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Software Vendors Jumping on SaaS Wagon

Pioneering vendors of software-as-a-service (SaaS) have spent the better part of a decade defending their model against purveyors of traditional on-premise software.

They have made their point, perhaps to their own chagrin.

As the market for SaaS has opened up to enterprise-class customers and beyond customer relationship management (CRM) to a fuller array of solutions, traditional software vendors, such as SAP , IBM , Oracle and Microsoft , are beginning to see the wisdom of offering software on demand.

Given their resources, some say, those companies are poised not only to participate, but even dominate the SaaS space.

Joshua Greenbaum, principal analyst at Enterprise Applications Consulting, told internetnews.com that even a market-leading pure-play SaaS vendor like Salesforce.com cannot match the level of systems integration that an SAP or Oracle can provide their customers.

He noted that Siebel founder Tom Siebel had admitted that his company could not match SAP and Oracle in terms of integrating CRM with other back-end enterprise solutions.

"They hit a wall," said Greenbaum. "Both [SAP and Oracle] have this broader depth of functionality and broader view of an integrated enterprise, so without a doubt, Salesforce is very vulnerable," he said.

The market opportunity is there, and traditional vendors are already beginning to take part.

The many flavors of SaaS

More enticing yet for traditional software vendors, SaaS is now gaining acceptance in the enterprise beyond CRM and other partner-related solutions.

Pure-play SaaS vendors like nSite, with a business process management solution, Kana with on-demand knowledge management, and Agile with product lifecycle management tools on demand, are beginning to encroach on the traditional bastions of on-premise enterprise software vendors.

Even such sacrosanct functions as security are being addressed by companies like Qualys and IBM.

This is happening because customers see an opportunity to reduce both cost and risk.

Philippe Courtot, chairman and CEO of Qualys, has seen the evolution first hand. His company boasts 22 of the Fortune 100 as customers.

"IT departments are under huge pressure to do more with less resources," he told internetnews.com.

"Early adopters [of Qualys security solutions] like Apple and Thomson Financial were all under very significant budgetary constraints," he said.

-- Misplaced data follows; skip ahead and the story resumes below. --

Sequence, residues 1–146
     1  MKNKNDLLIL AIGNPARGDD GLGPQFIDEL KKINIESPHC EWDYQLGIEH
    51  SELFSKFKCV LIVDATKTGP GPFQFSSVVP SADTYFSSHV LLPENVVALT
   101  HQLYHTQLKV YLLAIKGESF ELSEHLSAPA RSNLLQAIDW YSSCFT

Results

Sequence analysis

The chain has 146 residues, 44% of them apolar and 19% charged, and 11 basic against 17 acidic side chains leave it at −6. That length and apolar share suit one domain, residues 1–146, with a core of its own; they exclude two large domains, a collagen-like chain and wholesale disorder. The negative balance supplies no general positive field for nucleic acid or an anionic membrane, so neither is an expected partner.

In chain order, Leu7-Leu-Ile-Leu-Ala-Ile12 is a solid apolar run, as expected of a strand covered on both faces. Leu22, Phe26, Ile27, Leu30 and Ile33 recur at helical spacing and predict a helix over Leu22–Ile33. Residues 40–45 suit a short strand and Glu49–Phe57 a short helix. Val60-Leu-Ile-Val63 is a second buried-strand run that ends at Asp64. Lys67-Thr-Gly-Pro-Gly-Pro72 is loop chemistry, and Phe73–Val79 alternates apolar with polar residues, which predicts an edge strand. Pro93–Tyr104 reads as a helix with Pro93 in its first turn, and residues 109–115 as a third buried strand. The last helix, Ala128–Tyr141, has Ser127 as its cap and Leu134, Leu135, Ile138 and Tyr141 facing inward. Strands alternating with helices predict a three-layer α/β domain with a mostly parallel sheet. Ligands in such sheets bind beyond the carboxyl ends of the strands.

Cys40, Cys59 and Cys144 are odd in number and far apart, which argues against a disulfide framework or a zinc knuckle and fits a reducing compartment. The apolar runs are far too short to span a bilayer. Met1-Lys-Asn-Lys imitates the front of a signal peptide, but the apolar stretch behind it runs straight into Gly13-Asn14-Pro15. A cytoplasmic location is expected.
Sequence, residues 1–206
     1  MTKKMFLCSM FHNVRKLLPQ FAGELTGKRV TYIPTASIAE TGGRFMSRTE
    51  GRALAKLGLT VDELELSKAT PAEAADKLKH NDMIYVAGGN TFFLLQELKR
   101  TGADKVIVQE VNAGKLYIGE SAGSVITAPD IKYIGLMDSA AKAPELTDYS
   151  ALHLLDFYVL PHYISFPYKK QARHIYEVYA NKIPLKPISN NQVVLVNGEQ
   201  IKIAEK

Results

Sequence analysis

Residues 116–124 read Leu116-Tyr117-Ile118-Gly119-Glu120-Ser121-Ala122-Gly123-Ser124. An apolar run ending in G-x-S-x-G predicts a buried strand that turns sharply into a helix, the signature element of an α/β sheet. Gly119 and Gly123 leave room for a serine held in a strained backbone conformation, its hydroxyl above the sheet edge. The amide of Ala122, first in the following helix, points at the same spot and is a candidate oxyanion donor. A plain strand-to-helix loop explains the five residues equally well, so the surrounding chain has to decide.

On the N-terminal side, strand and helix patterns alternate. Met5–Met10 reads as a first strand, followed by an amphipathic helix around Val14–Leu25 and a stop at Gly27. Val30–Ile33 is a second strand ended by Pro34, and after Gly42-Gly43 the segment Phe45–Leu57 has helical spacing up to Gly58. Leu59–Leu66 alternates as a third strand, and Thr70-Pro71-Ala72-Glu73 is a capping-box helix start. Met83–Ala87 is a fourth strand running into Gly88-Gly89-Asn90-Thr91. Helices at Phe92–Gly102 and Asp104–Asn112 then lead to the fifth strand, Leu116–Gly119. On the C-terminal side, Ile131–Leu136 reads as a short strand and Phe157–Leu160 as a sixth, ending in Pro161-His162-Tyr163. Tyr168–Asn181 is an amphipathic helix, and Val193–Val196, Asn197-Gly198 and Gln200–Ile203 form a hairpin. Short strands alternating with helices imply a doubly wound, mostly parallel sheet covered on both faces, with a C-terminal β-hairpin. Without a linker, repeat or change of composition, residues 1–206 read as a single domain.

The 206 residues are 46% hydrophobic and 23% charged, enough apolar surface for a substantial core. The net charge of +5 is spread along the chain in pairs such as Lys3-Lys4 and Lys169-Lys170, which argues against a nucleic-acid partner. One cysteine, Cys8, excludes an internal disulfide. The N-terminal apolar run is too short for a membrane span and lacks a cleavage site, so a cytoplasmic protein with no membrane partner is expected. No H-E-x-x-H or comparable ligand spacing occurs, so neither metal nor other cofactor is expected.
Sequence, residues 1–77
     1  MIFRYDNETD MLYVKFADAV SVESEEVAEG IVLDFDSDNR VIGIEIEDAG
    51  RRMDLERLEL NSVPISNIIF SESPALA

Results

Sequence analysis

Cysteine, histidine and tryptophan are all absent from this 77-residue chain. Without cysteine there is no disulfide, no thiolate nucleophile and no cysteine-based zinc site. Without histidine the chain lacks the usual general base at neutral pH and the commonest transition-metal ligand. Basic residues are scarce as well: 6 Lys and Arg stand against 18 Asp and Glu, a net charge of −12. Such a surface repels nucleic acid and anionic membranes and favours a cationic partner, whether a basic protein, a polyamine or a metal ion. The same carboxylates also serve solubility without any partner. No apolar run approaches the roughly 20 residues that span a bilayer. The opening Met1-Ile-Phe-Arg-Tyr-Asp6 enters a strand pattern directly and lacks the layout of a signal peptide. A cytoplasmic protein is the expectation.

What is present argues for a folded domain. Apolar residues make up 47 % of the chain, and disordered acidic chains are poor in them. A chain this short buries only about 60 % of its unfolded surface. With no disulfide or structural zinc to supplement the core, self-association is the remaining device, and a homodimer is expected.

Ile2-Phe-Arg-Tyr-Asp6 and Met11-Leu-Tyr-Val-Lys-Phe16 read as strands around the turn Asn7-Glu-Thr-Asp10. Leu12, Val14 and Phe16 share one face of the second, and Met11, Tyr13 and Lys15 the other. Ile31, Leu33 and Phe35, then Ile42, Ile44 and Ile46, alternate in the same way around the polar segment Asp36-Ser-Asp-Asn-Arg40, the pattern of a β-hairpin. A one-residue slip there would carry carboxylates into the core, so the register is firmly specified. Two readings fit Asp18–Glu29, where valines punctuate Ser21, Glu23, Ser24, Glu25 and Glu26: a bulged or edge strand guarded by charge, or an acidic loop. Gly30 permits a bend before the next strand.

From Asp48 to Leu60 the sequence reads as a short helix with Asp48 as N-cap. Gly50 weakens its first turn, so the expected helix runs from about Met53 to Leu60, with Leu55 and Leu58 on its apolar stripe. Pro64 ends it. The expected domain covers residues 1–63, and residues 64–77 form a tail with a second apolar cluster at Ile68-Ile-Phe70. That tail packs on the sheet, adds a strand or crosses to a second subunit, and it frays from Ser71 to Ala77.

Denis Pombriant, managing principal at Beagle Research, noted that SaaS vendors have not only reduced the cost of these solutions, but also the risk of purchasing and maintaining them.

On-demand software is "a paradigm that reduces cost and risk for any company that depends on software to do its business," he said.

Tom Noonan, CEO of ISS , explained that customers now accept that security, the most private and least likely application to be managed outside the firewall, can be better served in just that way.

"Security features are popping up in every aspect of our infrastructure, from networks to applications to servers and operating systems. They have become a nightmare for CIOs.

"The questions is 'how do I manage it and ensure a consistent level of protection?' On-demand provides that capability."

Software companies have to go against their grain

The opportunities are ripe, but traditional vendors still face significant hurdles.

Everything about the way traditional software vendors do business would have to change, from how they upgrade their solutions to how they compensate sales people and recognize revenue.

"The question becomes are they willing to make that technical and cultural shift," explained Beth Enslow, vice president of consulting firm Aberdeen Group.

The software vendors will also have to be willing to rewrite most if not all of their code.

"You cannot take your old enterprise solution and just deliver it through the browser," noted Courtot. "You don't change an architecture just like that."

That may help explain why Microsoft has delayed bringing its own on-demand CRM solution to market until next year.

Indeed, the major players are already beginning to respond to those challenges.

"The traditional on-premise players see there are advantages to having a multi-tenant model," said Liz Herbert, an analyst who follows SaaS for Forrester Research.

Multi-tenancy is one of the principal architectural attributes of the SaaS model because many customers share the same infrastructure, generating significant economies of scale.

Oracle uses hosted infrastructure provided by IBM to enable multi-tenancy for its on-demand offering.

SAP does as well, but has not committed fully to a multi-tenant approach.

However, SAP is less concerned with economies of scale because it targets primarily large implementations.

It remains to be seen whether on-premise vendors will successfully make the leap to the on-demand paradigm.

But the feeling is that they would be wise to get on board.

"We're seeing the ship sail. People have to think about getting on the boat," noted Pombriant.